[ Printer Friendly Version ] [ Report Abuse ]
Chapter 7 : L'Envolée
| ||Rating: Mature||Chapter Reviews: 6|
Background: Font color:
I don't usually have notes at the start of chapters, but this one is for MissMdsty, AlPotterFan, teh tarik and siriusly89 who nominated Reason to Fight as Most Original Story, and for all of you who voted and made it win. It tied with Over the Edge by Arithmancy_Wiz, and I still haven't fully grasped the thought of actually having a Dobby. Thank you all so, so much! ♥
It rains again, and Astrid sighs. She hates the weather, she hates the loneliness, she hates feeling useless.
A letter is discarded on the desk in front of her. Goldberg wants her to come to the Ministry to discuss mission details.
Mission details, mon oeil. Not on a Friday evening at eight.
In a fit of irritation, she points her wand at the parchment and watches it burst into flames. Then she throws her coat on, uncaring of the downpour, and leaves her room after hiding her wand under her mattress. It isn't safe, but magic no longer provides solace. If anything, it helps keep her a prisoner of the situation she is in. She feels trapped everywhere, like a mouse surrounded by cats – even getting soaked is better than staying in between the four walls she loathes even more than before.
Several hours later, as dusk begins to drop, she isn't so sure of this anymore. Her hat has flown off, her hair drips down her back, her shoes are soaked. She must look more like a drowned animal than like a Veela, and her grandmother is probably turning in her grave at her neglected appearance.
To add to that, she has no idea where she is.
Try to think positive, she chastises herself, at least it has stopped raining.
The sound of a car behind her makes her jump, and when it slows to a stop next to her she freezes, even though every nerve in her body is screaming for her to run.
A wave of relief washes over her. "Lieutenant Schröder."
"Whatever are you doing so far from the school?"
"Walking," she replies with as much dignity as she can muster.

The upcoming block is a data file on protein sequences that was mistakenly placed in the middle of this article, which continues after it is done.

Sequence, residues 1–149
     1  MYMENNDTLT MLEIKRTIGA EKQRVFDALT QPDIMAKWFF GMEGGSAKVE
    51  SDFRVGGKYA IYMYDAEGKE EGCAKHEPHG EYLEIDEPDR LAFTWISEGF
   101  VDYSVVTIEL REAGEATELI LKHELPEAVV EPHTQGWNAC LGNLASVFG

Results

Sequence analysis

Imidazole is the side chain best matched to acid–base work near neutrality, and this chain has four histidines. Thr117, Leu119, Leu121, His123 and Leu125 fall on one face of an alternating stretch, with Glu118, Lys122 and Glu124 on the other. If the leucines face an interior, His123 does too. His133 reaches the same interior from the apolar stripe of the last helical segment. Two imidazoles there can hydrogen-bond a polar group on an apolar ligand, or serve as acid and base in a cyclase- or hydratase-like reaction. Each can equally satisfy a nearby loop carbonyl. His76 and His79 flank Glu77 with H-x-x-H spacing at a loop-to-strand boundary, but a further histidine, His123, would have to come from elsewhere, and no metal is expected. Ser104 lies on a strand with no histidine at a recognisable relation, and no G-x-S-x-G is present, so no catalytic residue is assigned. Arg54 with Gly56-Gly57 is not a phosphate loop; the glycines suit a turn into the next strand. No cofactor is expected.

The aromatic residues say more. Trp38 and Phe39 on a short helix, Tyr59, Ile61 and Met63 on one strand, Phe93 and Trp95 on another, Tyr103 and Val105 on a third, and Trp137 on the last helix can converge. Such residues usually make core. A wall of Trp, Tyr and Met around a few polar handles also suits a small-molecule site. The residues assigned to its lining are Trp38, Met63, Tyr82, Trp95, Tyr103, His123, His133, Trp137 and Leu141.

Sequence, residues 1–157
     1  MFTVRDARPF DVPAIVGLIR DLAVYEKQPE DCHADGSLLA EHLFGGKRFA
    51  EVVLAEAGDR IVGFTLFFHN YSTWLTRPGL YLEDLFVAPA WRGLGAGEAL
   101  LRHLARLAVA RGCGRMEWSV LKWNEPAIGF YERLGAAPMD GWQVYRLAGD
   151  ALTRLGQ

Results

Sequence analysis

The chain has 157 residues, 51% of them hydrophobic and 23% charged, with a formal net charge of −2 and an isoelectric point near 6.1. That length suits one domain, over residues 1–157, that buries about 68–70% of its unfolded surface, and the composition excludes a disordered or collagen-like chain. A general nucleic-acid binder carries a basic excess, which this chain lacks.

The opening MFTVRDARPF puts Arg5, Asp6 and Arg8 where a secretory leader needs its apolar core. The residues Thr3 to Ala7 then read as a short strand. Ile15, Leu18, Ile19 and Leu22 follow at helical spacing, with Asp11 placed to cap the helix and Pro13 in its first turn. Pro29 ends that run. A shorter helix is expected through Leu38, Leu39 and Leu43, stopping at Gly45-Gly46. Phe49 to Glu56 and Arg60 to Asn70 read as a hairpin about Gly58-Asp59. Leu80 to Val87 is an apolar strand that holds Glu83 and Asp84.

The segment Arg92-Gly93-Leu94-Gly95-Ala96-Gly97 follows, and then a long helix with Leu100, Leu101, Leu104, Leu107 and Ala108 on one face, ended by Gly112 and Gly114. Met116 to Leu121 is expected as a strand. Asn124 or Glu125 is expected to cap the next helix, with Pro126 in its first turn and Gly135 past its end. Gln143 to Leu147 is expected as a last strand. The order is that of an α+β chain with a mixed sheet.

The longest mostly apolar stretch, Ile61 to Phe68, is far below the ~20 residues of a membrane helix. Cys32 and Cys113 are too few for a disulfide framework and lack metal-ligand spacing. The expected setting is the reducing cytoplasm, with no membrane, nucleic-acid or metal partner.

Maximilian looks amused, though he does not comment. "Would you like to do so to go back, or may I offer you a ride?" The door to the passenger seat is already opened.
It is a battle between comfort and patriotism, but Astrid's toes squelching in her shoes decide for her. "Thank you."
Once she is seated, her eyes automatically flit around the car, gathering details. The brake, the pedals, the steering wheel, anything is valuable to sabotage, just in case.
Warm air begins to creep through the small space as they drive through the streets of Paris in silence. They do not exchange a word until the Eiffel tower comes into view.
"Are you enjoying your work as a teacher?"
"Oh yes, very much so, although the children are easily distracted by the practices."
Maximilian smiles, slightly sadly. "It is unfortunate, I think, that we had to use the school as a casern. Children should not have to live with the war more than they already do."
"It's a little late for these moral questionings, isn't it?" Astrid's voice comes out a lot sharper than intended.
"The French aren't the only ones to suffer from the war," Maximilian responds immediately, defensive. "And I am not to blame for what is happening – I, like you, am only trying to survive, and my men are to me what your students are to you. Each of their torments affects me personally, and similarly to you I hope they will all make it out alive. You may turn your nose up at us all you want, but in our eyes you are the ones in the wrong."